Elk, Moose ( Alces alces )

The elk (Cervus canadensis), also known as the wapiti, is one of the largest species within the deer family, Cervidae, and one of the largest terrestrial mammals in its native range of North America, as well as Central and East Asia. It is often confused with the larger Alces alces, which is called moose in North America, but called elk in British English, and related names in other European languages (German Elch, Swedish älg, French élan). The name “wapiti” is used in Europe for Cervus canadensis. It originates from the Shawnee and Cree word waapiti, meaning ‘white rump’.

Elk range in forest and forest-edge habitat, feeding on grasses, plants, leaves, and bark. Male elk have large antlers which they shed each year. Males also engage in ritualized mating behaviors during the rut, including posturing, antler wrestling (sparring), and bugling, a loud series of vocalizations that establishes dominance over other males and attracts females. Although it is currently native to North America and central/eastern Asia, it had a much wider distribution in the past. Populations were present across Eurasia into Western Europe during the Late Pleistocene and survived into the early Holocene in southern Sweden and the Alps; the extinct Merriam’s elk subspecies ranged into Mexico. The elk has adapted well to countries where it has been introduced, including Argentina and New Zealand. Its adaptability may in fact threaten endemic species and the ecosystems into which it has been introduced.

Elk are susceptible to a number of infectious diseases, some of which can be transmitted to livestock. Efforts to eliminate infectious diseases from elk populations, largely by vaccination, have had mixed success. Some cultures revere the elk as having spiritual significance. In parts of Asia, antlers and their velvet are used in traditional medicines. Elk are hunted as a game species. Their meat is leaner and higher in protein than beef or chicken. Elk were long believed to belong to a subspecies of the European red deer (Cervus elaphus), but evidence from many mitochondrial DNA genetic studies beginning in 1998 shows that the two are distinct species. Key morphological differences that distinguish C. canadensis from C. elaphus are the former’s wider rump patch and paler-hued antlers.


Elk and moose, both members of the species Alces alces, are majestic and iconic creatures of the deer family (Cervidae), inhabiting various regions across North America, Europe, and Asia. Despite their taxonomic classification within the same species, they exhibit notable differences in size, appearance, and habitat preferences.

Elk (Cervus canadensis):

Physical Characteristics: Elk, also known as wapiti, are impressive creatures with a robust build and distinctive antlers. They typically stand between 4.5 to 5 feet (1.4 to 1.5 meters) tall at the shoulder, with males (bulls) being larger and heavier than females (cows). Bulls can weigh between 700 to 1100 pounds (320 to 500 kilograms), while cows generally weigh between 450 to 600 pounds (200 to 270 kilograms).

One of the most striking features of elk is their formidable antlers, which are typically large and branched. Antlers of mature bulls can span up to 5 feet (1.5 meters) in width and weigh over 40 pounds (18 kilograms). These antlers are shed and regrown annually, with the size and complexity increasing as the bull matures.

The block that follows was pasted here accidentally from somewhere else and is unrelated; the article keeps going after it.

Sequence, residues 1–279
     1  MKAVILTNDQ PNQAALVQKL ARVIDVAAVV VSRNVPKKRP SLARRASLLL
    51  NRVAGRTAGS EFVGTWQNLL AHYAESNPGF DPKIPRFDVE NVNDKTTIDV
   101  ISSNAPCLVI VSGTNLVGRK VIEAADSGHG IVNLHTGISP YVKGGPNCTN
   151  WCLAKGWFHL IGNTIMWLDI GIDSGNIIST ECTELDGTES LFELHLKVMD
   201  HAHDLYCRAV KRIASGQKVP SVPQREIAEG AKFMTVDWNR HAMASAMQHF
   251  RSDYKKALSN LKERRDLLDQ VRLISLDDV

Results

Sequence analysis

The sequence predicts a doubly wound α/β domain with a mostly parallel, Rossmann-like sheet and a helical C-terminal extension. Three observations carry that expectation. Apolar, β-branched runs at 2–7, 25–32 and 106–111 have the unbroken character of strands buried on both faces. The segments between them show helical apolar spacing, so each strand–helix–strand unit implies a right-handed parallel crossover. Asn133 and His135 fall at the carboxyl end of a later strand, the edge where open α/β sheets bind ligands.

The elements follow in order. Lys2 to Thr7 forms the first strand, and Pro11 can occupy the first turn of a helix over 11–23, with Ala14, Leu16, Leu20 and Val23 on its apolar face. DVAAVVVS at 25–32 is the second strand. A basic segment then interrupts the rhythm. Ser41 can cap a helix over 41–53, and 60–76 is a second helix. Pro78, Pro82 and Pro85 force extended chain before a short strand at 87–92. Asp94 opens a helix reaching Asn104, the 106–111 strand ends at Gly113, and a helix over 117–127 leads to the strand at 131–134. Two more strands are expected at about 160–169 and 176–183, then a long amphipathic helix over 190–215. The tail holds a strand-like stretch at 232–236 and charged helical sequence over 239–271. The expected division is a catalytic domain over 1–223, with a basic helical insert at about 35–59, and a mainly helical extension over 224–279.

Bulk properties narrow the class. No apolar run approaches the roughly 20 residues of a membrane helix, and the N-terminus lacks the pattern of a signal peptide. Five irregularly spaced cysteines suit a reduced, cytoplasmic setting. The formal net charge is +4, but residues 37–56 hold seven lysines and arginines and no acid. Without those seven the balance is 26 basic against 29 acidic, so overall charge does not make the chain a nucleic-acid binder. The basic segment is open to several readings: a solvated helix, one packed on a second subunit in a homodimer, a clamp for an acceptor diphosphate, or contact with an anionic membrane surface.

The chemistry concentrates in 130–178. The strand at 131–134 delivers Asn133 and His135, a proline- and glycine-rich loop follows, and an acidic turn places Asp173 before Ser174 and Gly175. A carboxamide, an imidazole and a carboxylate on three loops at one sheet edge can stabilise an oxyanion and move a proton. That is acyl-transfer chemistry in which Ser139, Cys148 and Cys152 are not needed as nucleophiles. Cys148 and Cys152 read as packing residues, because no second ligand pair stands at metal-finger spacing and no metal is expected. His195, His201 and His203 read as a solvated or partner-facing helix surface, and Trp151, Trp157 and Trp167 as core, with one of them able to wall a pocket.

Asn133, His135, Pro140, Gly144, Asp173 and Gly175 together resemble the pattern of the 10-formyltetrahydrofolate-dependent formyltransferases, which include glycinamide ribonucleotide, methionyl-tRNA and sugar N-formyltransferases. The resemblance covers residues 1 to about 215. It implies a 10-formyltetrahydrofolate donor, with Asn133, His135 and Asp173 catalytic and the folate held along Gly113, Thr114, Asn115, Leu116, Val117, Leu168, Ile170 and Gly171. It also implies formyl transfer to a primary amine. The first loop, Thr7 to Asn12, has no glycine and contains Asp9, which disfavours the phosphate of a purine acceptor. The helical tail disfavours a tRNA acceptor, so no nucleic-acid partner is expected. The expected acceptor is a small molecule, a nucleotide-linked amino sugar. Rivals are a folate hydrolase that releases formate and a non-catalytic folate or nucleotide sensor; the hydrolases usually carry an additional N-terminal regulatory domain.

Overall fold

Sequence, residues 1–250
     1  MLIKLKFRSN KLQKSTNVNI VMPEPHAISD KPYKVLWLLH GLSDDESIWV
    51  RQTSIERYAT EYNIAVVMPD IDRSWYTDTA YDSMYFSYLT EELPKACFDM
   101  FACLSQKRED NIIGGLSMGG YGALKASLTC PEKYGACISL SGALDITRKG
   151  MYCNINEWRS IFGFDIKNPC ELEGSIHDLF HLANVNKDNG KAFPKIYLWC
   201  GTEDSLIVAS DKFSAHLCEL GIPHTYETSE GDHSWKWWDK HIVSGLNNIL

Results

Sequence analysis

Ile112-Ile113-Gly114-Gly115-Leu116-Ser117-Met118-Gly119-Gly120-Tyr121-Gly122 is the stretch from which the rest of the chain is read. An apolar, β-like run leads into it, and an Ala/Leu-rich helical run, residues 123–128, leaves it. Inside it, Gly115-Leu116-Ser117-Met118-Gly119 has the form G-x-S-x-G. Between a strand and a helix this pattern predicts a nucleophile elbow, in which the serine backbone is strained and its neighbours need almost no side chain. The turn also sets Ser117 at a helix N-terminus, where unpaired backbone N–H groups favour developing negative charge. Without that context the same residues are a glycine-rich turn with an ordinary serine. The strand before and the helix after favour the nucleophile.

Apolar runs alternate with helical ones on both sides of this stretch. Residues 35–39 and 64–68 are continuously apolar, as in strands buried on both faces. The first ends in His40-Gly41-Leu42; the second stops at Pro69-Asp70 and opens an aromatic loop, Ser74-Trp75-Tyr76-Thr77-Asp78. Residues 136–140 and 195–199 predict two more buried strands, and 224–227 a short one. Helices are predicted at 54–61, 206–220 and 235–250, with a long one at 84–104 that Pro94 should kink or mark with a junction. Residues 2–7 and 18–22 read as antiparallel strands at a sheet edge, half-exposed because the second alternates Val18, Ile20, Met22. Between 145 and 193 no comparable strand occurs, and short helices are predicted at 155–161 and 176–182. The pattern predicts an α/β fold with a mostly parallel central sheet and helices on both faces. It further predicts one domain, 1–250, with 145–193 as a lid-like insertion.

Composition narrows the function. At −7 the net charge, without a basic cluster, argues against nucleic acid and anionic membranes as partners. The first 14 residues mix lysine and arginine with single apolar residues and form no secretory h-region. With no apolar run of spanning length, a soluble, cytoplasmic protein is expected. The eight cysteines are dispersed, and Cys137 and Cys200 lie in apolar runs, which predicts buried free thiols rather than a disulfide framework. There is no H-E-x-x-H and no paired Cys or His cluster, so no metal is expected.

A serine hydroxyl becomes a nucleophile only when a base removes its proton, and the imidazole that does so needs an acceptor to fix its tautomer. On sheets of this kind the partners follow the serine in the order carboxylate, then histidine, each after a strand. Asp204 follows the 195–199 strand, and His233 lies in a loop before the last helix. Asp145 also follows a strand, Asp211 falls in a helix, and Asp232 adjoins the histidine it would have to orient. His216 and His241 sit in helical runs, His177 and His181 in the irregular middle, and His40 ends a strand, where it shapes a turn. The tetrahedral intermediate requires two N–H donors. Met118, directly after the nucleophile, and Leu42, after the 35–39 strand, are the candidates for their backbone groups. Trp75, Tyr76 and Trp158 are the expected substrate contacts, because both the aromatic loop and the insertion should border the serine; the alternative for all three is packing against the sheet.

Elk have a reddish-brown coat with a lighter-colored rump patch and neck mane. Their coat may darken during the winter months, providing insulation against the cold.

Habitat and Behavior: Elk are primarily found in forested and mountainous regions across North America, ranging from Canada down through the United States into northern Mexico. They are adaptable creatures, inhabiting a variety of ecosystems, including forests, meadows, and alpine tundra.

Elk are social animals, often forming herds consisting of females and their offspring, led by a dominant bull during the mating season. Outside of the breeding season, bulls may form bachelor groups or remain solitary.

Moose (Alces alces):

Physical Characteristics: Moose, the largest members of the deer family, are characterized by their massive size, long legs, and distinctive palmate antlers. They stand between 5 to 7 feet (1.5 to 2.1 meters) tall at the shoulder, with adult males (bulls) weighing between 800 to 1500 pounds (360 to 680 kilograms) and females (cows) typically weighing between 600 to 1000 pounds (270 to 450 kilograms).

The antlers of moose are broad and palmate, resembling the shape of a hand with outspread fingers. These antlers are shed and regrown annually, with mature bulls boasting impressive racks that can span up to 6 feet (1.8 meters) in width.

Moose have a dark brown coat, often with a lighter-colored mane on their neck and shoulders. Their thick fur provides insulation against the cold temperatures of their northern habitats.

Habitat and Behavior: Moose are primarily found in boreal and subarctic regions across North America, Europe, and Asia. They inhabit dense forests, wetlands, and marshy areas, where they feed on a variety of vegetation, including aquatic plants and shrubs.

Moose are solitary animals for most of the year, although they may form small groups during the mating season or when feeding in areas with abundant resources. Bulls are particularly solitary outside of the breeding season, while cows may be accompanied by their calves.

In summary, both elk and moose are magnificent members of the deer family, each with its own unique characteristics and adaptations suited to its specific habitat and lifestyle.

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